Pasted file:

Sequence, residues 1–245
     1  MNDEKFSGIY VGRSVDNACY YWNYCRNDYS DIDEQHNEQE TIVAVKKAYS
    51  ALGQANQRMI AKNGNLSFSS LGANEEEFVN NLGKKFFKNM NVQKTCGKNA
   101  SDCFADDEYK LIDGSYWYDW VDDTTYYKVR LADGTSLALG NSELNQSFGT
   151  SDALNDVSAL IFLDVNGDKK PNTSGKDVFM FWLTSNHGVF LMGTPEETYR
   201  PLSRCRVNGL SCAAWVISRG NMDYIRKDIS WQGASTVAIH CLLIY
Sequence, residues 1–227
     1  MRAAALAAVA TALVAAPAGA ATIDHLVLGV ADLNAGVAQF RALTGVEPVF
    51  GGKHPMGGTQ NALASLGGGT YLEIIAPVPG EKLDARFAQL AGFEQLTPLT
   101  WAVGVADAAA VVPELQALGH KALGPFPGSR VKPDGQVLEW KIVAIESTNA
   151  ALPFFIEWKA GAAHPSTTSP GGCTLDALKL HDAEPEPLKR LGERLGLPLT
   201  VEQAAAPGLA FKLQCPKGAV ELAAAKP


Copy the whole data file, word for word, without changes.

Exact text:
Sequence, residues 1–245
     1  MNDEKFSGIY VGRSVDNACY YWNYCRNDYS DIDEQHNEQE TIVAVKKAYS
    51  ALGQANQRMI AKNGNLSFSS LGANEEEFVN NLGKKFFKNM NVQKTCGKNA
   101  SDCFADDEYK LIDGSYWYDW VDDTTYYKVR LADGTSLALG NSELNQSFGT
   151  SDALNDVSAL IFLDVNGDKK PNTSGKDVFM FWLTSNHGVF LMGTPEETYR
   201  PLSRCRVNGL SCAAWVISRG NMDYIRKDIS WQGASTVAIH CLLIY
Sequence, residues 1–227
     1  MRAAALAAVA TALVAAPAGA ATIDHLVLGV ADLNAGVAQF RALTGVEPVF
    51  GGKHPMGGTQ NALASLGGGT YLEIIAPVPG EKLDARFAQL AGFEQLTPLT
   101  WAVGVADAAA VVPELQALGH KALGPFPGSR VKPDGQVLEW KIVAIESTNA
   151  ALPFFIEWKA GAAHPSTTSP GGCTLDALKL HDAEPEPLKR LGERLGLPLT
   201  VEQAAAPGLA FKLQCPKGAV ELAAAKP